Accompanying the asymmetry is a search for form. A few years into his print designs, Davidson is already projecting his design on to a whale fin. Circular designs are also frequent in his work, both confining shapes and appearing as negative spaces in such works as the 1987 “Seven Ravens.” I was surprised not to see many split forms in the exhibit, but perhaps the reason is that split forms tend to be symmetrical by definition.

This interest in irregular and different shapes has served Davidson well over the years. “Butterflies,” printed in 1977, escapes the potential banality of its subject by placing the design into two circles. Similarly, a hummingbird design from a couple of years later avoids the usual cuteness of the subject by making it a stocky creature with wings attached to powerful shoulders.

Davidson’s least successful works? Those with extensive areas of cross-hatching, which work well in engraved metals or on carved wood, but tend to look unfinished in a print – especially since Davidson does little to vary them.

Nor is Davidson at his best with more than a few colors. Davidson’s palette is relatively small. In addition to red and black, it includes a royal blue and a turquoise. But, when he ventures beyond these four colors, the result can seem garish rather than bold, which may be why his color choice remains relatively cautious.

For me, one result of seeing so much of Davidson’s work side by side is that I now realize that his movement towards abstraction in the last decade is less of a break than I had previously thought. I knew, of course, that he had continued to do more traditional works while doing his annual prints, but I had tended to view the abstractions as facile works – as small ideas printed large to lend them an interest that they wouldn’t otherwise have.

I still think of these abstractions, which often take the form of closeups of a small part of a larger design, as working against themselves, because they expect the eye to linger when the basic tenets of the tradition have the effect of keeping the eye moving. However, even though I consider them unsuccessful, I can see now that they are a natural extension of interests that he has had all along.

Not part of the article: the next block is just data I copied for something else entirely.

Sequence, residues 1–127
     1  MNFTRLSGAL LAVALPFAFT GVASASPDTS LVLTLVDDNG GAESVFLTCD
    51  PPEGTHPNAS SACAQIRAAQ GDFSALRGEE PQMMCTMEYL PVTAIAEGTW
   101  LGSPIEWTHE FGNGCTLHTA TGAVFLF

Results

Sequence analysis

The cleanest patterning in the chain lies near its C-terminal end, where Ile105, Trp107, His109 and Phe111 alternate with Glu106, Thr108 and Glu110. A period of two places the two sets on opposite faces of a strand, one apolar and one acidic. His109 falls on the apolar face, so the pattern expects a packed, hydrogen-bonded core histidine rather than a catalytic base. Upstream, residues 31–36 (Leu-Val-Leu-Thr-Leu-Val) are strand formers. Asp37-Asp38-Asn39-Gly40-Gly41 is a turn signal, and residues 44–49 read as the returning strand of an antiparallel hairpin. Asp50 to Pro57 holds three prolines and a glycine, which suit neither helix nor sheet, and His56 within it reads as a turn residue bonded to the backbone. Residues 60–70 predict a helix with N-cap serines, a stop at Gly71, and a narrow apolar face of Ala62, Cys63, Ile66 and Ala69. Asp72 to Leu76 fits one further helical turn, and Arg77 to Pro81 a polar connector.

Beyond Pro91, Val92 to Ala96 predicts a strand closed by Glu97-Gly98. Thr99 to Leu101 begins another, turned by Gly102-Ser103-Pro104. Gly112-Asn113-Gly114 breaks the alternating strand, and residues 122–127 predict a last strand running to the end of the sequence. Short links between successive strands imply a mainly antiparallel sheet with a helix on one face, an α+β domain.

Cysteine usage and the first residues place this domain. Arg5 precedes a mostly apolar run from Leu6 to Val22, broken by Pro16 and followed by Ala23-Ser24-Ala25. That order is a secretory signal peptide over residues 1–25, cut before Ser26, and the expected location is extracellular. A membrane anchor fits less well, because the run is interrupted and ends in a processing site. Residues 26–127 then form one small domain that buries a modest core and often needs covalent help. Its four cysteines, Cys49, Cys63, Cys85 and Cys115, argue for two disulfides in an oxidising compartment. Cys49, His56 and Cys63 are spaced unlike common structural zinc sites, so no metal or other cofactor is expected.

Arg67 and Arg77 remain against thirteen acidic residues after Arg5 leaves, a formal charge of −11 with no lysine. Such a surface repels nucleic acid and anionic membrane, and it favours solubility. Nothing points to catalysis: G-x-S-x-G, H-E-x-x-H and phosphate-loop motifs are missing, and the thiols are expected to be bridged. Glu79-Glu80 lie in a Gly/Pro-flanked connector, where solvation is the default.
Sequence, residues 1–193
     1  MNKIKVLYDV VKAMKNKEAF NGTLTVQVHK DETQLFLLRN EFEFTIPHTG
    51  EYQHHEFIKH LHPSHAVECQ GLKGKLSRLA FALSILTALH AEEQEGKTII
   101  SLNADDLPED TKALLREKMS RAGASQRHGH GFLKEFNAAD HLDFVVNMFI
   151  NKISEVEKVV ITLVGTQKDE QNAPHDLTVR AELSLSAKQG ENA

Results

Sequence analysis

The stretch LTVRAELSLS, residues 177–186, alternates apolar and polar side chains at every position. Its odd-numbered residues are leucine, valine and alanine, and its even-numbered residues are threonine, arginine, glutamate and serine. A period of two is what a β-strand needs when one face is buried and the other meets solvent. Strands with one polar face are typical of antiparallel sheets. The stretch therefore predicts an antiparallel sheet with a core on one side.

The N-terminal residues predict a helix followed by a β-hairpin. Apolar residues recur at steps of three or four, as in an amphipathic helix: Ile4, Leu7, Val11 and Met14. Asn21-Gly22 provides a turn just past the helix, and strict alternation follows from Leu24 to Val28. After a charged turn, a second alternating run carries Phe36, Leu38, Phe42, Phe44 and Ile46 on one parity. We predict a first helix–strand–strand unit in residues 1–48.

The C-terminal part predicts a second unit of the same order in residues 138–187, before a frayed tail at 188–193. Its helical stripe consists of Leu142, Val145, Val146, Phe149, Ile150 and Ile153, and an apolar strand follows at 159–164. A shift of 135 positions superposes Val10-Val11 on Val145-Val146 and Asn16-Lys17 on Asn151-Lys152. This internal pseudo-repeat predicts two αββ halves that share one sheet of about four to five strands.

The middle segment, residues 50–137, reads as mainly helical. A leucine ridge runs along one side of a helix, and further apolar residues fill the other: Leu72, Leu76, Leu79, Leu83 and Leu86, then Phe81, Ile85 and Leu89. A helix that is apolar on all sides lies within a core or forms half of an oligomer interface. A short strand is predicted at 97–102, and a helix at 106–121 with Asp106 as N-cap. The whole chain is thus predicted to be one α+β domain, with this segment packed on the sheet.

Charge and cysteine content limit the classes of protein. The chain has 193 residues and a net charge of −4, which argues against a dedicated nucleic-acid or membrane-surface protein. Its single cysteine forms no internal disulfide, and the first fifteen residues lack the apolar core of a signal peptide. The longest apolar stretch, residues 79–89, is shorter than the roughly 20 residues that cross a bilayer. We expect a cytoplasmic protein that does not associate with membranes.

My only complaint about the exhibit as a whole is that, by including only prints, it robs the individual pieces of part of their context. Davidson is a carver and jewelry-make as well as a print designer, and, to my eye, many of the prints in the show show the influence of these other media (for example, the cross-hatching).

However even with this omission, “Eagle Transforming” is well-worth a few hours and several trips around it. If you are like me, you will only notice some aspects on the second or third viewing.

And to those visitors who left comments saying that they don’t care much for Northwest Coast Art, all I can say is that they are barbarians who don’t know fine art when they are confronted by it. For myself, the only reason that I don’t look forward to the day when some of Davidson’s designs join Bill Reid’s on Canadian currency is that, when that day comes, he will probably be dead, and then we will have nothing new from him to admire.

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I’ve been looking forward to the virtual gallery of Bill Reid’s works ever since I heard a first whisper of it over a year ago. However, perhaps I anticipated too much, because, now that The Raven’s Call is online, I find myself disappointed. I’ve bookmarked the site, and plan to return to it regularly, but, all the time I’m using it, I keep thinking that it could have been something much more.

The first problem with the site is the navigation. The home page offers four menu items – of which only two, Who was Bill Reid? and Bill Reid’s Art, actually deserve to be at the top of the menu. Of the other two, The Unfinished Story is amusing but slight, while In the Classroom appeals to a narrow group of visitors, and suggests possibly unjustified assumptions about the users of the site. Are visitors really elementary and high school classes, or are they mainly adult art lovers and students of First Nations culture?

The second problem is that while the site has an astonishing amount of material, both visual and aural, most of it is simply categorized and labeled as though it is a museum specimen. For instance, in Who Was Bill Reid? You can view a pictorial history of his life, and a series of aural clips by both Reid and others. Similarly, in Bill Reid’s Art, you can see slide shows labeled Sculptures and Containers; Paintings, Prints and Drawings, and Jewelery. However, because nothing is done to place any of this material in context, the effect is like browsing through the drawers of a museum archive.

The result is an experience is interesting but dry and minimally engaging – so much so that it fails to do justice to either Reid or his work. It is only in the biography Bill Reid’s Journey that any of this material is put into context. Rather than just the bare facts about where a photo was taken or when a piece of jewelry was created and what it is made of, I suspect that most users would prefer to have a few hundred words giving anecdotes and explanations of how each item fits into Reid’s life or development of an artist.

Still another problem is that site designers show more interest in fitting graphics into the viewing page that displaying them at a size where they can be studied in detail. This tendency is especially obvious in larger pieces like “Mythic Messengers,” where the insistence on presenting the work as a whole results in a view that is only marginally better than the thumbnail. Some details of these larger pieces would go a long way towards helping viewers appreciate Reid’s work.